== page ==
On appeal, the district court reversed, finding error in the bankruptcy court's supposition that a debtor's specific intent to defraud his creditors could provide a ground to deny the homestead exemption. The district court ordered the bankruptcy court on remand “to determine whether and under what circumstances Florida law prevented debtors in 1990 and 1991 from converting nonexempt property to exempt property.” Havoco, 197 F.3d at 1138. Further, the district court ordered the bankruptcy court to conduct an evidentiary hearing during which Havoco would be allowed to present evidence of Hill's other transfers of nonexempt assets if it determined that Hill's homestead claim was limited under Florida law.
On remand, the bankruptcy court, relying upon Bank Leumi Trust Co. v. Lang, 898 F.Supp. 883 (S.D.Fla.1995), and Butterworth v. Caggiano, 605 So.2d 56 (Fla.1992), held that Florida law did not prohibit Hill from converting nonexempt assets into a homestead, even if done with the intent to place those assets beyond the reach of his creditors. Havoco, 197 F.3d at 1138. The bankruptcy court further concluded that Florida's fraudulent conveyance statute did not “affect the debtor's right to the homestead exemption.” Id. The district court affirmed the bankruptcy court's decision.
The Eleventh Circuit, detailing the inconsistent treatment of the issue in the bankruptcy courts stemming from this Court's application of the homestead exemption, certified the instant question to this Court.2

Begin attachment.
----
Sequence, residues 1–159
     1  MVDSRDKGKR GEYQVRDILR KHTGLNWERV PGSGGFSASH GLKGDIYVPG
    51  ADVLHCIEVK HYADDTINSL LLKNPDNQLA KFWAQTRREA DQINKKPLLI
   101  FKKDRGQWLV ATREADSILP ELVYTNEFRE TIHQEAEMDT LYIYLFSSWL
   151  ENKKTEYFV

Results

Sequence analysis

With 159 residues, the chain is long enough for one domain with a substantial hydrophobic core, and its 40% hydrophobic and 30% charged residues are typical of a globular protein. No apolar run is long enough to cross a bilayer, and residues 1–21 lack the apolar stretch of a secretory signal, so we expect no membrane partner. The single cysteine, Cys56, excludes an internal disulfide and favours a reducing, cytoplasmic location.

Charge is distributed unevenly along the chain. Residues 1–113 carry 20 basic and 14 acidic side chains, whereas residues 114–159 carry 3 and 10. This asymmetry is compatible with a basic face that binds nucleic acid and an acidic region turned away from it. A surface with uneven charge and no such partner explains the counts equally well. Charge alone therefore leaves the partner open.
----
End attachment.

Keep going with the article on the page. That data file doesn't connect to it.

THE HOMESTEAD EXEMPTION
Florida's homestead exemption provides, in pertinent part:
There shall be exempt from forced sale under process of any court, and no judgment, decree or execution shall be a lien thereon, except for the payment of taxes and assessments thereon, obligations contracted for the purchase, improvement or repair thereof, or obligations contracted for house, field or other labor performed on the realty, the following property owned by a natural person:
(1) a homestead․
Art. X, § 4(a)(1), Fla. Const. This Court has long emphasized that the homestead exemption is to be liberally construed in the interest of protecting the family home. See, e.g., Milton v. Milton, 63 Fla. 533, 58 So. 718, 719 (1912) (“Organic and statutory provisions relating to homestead exemptions should be liberally construed in the interest of the family home.”). However, in the same breath we have similarly cautioned that the exemption is not to be so liberally construed as to make it an instrument of fraud or imposition upon creditors: “[T]he [homestead exemption] should not be so applied as to make it an instrument of fraud or imposition upon creditors.” Id. The petitioner and amici curiae 3 seize upon this latter language to argue that the transfer of nonexempt assets into an exempt homestead with the intent to defraud creditors cannot receive constitutional sanction. While we are certainly loathe to provide constitutional sanction to the conduct alleged by the petitioner and implicated by the certified question, this Court is powerless to depart from the plain language of article X, section 4.4